The Surrey Heartlands Expo 2018 connected over 300 delegates from health, social care, academia and industry to look at how innovative technologies and services can further improve services for people in Surrey.

The March event showcased some of the most creative collaborations and innovations, as well as proving an opportunity to plan how to drive the use of these innovations at pace and scale through clinical transformation work.

The Surrey Heartlands Expo 2018 was an exciting celebration of innovation and technology, providing a unique opportunity to connect more than 300 delegates from health, social care, academia and industry to look at how innovative technologies and services can further improve health and social care for people in Surrey.

With a heavy focus on digital health technology and system transformation, KSS AHSN worked with Surrey Heartlands STP to deliver this opportunity to engage with industry and kick start some exciting conversations with national leaders about integrated care.

Claire Fuller, Senior Responsible Officer for Surrey Heartlands, said that innovation had a key role to play.

“I think innovation is really important to the partnership because we have to start doing things differently. The population is ageing, the demand is forever increasing, so unless we can find different ways to do things we’re going to be in trouble,” she explained.

“By bringing health and social care colleagues plus partners in industry together, we have new opportunities that we haven’t had before to work in completely different ways.”

The opening address came from Professor Chris Ham, Chief Executive of the Kings Fund, who said that “the speed of change is only as fast as the build-up of trust across the systems.”

Chris shared some of the King’s Fund’s new animations on “How the NHS works in England” and stressed the importance of integrating health and social care, working in a patient centred way where budgets are shared to ensure that care wraps around the patient, not the other way around.

Matthew Kershaw, Senior Fellow at the King’s Fund, reflected on how the Expo showed the enthusiasm and involvement of staff right across the system.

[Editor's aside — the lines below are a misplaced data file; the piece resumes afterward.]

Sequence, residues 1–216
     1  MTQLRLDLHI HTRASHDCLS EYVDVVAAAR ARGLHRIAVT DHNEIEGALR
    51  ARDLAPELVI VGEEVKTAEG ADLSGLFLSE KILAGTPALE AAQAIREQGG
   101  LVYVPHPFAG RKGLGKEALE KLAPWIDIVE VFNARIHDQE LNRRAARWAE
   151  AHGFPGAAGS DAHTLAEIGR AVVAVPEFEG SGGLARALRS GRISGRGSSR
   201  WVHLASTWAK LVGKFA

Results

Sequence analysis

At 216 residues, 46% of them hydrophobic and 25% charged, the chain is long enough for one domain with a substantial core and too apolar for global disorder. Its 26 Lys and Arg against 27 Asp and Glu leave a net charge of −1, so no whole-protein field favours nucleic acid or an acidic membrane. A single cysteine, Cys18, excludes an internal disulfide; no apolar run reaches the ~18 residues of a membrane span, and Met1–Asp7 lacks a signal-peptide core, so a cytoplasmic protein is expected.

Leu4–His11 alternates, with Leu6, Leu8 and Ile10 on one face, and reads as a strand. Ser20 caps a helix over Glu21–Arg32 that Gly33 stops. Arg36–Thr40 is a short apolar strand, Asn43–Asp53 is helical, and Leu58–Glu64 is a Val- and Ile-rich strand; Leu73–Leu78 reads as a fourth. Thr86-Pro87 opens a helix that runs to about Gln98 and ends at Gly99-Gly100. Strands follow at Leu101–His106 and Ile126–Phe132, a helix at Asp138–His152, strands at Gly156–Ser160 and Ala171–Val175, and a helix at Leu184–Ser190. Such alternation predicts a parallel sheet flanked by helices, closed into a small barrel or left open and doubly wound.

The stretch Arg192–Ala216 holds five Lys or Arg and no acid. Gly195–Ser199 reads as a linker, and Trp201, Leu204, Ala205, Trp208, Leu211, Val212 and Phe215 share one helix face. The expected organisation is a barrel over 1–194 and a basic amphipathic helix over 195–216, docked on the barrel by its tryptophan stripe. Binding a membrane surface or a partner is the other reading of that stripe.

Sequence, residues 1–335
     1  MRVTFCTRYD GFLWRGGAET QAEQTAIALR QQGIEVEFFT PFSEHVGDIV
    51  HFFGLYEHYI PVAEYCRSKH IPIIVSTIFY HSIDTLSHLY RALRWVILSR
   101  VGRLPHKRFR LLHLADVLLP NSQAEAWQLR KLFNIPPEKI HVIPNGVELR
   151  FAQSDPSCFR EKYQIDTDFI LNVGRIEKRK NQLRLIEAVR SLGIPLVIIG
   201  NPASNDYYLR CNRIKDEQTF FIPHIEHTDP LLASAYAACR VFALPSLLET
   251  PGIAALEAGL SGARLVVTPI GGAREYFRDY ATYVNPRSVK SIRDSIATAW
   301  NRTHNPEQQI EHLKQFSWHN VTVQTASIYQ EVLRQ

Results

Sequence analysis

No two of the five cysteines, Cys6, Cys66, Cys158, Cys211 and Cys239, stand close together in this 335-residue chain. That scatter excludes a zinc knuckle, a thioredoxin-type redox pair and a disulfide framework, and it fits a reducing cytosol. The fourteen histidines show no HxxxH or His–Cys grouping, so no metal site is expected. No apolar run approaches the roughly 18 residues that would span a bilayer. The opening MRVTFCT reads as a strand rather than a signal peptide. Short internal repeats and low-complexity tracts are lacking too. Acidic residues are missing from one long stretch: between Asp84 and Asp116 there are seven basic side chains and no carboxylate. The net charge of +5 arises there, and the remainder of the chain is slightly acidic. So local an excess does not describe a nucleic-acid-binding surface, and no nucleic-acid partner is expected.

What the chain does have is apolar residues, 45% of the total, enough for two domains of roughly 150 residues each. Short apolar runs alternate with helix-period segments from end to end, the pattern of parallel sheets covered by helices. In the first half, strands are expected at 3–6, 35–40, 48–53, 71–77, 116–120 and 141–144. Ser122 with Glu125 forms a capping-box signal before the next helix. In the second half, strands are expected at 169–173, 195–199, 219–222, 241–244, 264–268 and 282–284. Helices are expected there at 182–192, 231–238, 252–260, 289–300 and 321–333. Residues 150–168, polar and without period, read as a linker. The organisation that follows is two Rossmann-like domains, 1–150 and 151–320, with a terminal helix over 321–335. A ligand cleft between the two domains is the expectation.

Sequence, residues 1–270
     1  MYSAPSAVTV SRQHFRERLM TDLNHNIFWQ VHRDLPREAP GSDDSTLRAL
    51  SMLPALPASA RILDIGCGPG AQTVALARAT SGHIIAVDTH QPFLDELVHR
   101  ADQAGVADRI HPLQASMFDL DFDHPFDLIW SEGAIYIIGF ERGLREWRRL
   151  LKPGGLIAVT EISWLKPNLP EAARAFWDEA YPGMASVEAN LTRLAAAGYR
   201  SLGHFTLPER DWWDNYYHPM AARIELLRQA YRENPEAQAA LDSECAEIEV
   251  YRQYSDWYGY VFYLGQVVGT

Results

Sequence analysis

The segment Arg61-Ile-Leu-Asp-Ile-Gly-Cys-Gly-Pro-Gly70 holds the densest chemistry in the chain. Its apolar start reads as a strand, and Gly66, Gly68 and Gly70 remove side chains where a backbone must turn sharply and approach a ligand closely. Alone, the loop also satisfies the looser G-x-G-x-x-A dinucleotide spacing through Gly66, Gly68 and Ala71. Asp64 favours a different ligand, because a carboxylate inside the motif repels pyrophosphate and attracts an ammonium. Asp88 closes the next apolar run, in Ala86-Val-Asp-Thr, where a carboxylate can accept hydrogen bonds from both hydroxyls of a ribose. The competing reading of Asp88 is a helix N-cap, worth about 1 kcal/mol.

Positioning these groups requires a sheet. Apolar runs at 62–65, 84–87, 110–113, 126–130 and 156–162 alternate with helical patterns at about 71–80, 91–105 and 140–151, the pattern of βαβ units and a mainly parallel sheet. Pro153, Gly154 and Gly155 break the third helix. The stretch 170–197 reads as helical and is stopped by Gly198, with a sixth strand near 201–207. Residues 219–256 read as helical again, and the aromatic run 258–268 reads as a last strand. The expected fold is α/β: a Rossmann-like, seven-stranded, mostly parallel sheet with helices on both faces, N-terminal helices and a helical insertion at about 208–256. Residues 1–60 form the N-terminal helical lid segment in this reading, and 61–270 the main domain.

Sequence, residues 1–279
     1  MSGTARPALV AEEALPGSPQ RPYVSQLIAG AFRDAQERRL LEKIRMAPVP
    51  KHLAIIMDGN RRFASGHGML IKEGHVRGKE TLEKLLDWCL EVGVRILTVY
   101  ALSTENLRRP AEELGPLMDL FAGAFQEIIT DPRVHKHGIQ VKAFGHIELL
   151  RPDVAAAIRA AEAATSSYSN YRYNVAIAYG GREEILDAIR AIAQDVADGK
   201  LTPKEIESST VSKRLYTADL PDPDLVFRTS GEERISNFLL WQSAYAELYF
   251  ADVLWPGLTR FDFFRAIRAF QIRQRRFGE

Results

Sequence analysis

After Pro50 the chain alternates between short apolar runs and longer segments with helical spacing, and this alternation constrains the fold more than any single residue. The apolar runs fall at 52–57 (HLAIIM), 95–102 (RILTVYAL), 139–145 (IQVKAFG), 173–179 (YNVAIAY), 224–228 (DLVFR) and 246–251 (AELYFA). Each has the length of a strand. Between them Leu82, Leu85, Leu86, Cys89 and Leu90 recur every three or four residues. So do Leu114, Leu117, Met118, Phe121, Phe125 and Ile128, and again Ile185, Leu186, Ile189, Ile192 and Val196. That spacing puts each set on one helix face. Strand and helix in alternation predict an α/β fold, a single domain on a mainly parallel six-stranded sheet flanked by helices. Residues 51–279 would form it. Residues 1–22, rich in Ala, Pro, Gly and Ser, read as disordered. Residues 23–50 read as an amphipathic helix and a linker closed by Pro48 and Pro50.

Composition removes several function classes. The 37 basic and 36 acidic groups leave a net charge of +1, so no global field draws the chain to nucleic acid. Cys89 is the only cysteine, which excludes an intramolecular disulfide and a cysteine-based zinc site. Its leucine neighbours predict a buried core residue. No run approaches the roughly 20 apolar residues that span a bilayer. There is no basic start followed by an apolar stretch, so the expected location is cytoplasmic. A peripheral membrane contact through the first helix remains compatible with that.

“They are looking at engaging with staff, patients, the third sector, industry and changing the way the health service is organised for the benefit of patients and staff,” he said.

“I think the enthusiasm has come across in all the sessions I’ve seen. I’ve been really impressed by it and I think that while there’s lots to do and real challenges ahead, that I back the Surrey system to carry on making great strides, as it’s clearly starting to do already.”

Another keynote speaker was Matthew Swindells, NHS England’s National Director for Operations and Information.  Matthew led an engaging session on “Population health in the new world”, where he highlighted that, in order to provide better health and better care, we need to make better use of our resources and to work in partnership.

Matthew encouraged people in the room to challenge working practises, and ended with the reminder that “we need to park organisational interests and personal egos at the door to achieve integrated care in the NHS.”

Suzanne Rankin, Chief Executive for Ashford and St Peters Hospital NHS Trust commented on the presence of industry at Expo, agreeing that “the relationship with industry and the role of innovation is immensely important”. She stressed that the use of modern digital healthcare technologies is going to be key to addressing some of the NHS’s biggest challenges.

Guy Boersma, Managing Director at Kent Surrey Sussex Academic Health Science Network, took to the stage to discuss artificial intelligence, machine learning and its value in addressing workforce challenges and our ageing population. He said that while technology could be a solution, public trust and confidence in the usage of the data and algorithms is the key to the future use of AI in healthcare.

The final word comes from Mark Hamilton, Executive Clinical Director for the Surrey Heartlands Academy, who shared his ambitions for the Surrey Heartlands Health and Care Partnership.

 “To create a health and social care system that has no boundaries, that people don’t see those walls, that they know they’re going to get the highest quality of health and social care wherever they live in Surrey. And actually for people to look at Surrey and understand the incredible things that Surrey has achieved with its togetherness.”